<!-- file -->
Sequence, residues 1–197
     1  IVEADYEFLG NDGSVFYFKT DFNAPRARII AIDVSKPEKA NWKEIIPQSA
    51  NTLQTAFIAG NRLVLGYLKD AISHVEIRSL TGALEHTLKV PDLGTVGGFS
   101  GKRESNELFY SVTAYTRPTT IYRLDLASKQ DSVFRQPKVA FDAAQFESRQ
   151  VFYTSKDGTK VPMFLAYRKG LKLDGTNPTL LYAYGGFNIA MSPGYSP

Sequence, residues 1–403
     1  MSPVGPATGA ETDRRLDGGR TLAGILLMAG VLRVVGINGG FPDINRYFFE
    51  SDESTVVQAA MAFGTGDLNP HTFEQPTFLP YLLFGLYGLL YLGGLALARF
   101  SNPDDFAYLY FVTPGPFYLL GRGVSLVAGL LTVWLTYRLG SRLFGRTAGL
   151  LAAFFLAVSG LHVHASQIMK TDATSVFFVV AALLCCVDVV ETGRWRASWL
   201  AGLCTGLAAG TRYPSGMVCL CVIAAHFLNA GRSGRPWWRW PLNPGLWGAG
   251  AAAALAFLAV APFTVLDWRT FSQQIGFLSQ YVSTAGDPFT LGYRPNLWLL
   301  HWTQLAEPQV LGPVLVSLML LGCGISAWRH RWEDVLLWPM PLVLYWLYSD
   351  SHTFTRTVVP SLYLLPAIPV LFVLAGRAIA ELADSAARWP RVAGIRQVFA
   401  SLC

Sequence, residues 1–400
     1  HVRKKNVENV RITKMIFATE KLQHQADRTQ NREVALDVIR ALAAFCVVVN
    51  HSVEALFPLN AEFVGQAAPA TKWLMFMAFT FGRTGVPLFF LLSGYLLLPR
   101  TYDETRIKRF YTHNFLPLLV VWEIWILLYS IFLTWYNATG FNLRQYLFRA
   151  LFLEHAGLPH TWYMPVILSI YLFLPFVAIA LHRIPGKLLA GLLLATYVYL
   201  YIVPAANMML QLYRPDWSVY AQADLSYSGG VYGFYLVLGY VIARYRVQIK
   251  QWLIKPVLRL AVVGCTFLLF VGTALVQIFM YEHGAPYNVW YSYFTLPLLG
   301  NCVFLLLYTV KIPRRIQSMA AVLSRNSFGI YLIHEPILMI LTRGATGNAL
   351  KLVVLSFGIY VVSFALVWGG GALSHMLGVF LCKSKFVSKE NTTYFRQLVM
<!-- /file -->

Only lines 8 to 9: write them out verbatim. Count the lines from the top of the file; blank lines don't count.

    51  SDESTVVQAA MAFGTGDLNP HTFEQPTFLP YLLFGLYGLL YLGGLALARF
   101  SNPDDFAYLY FVTPGPFYLL GRGVSLVAGL LTVWLTYRLG SRLFGRTAGL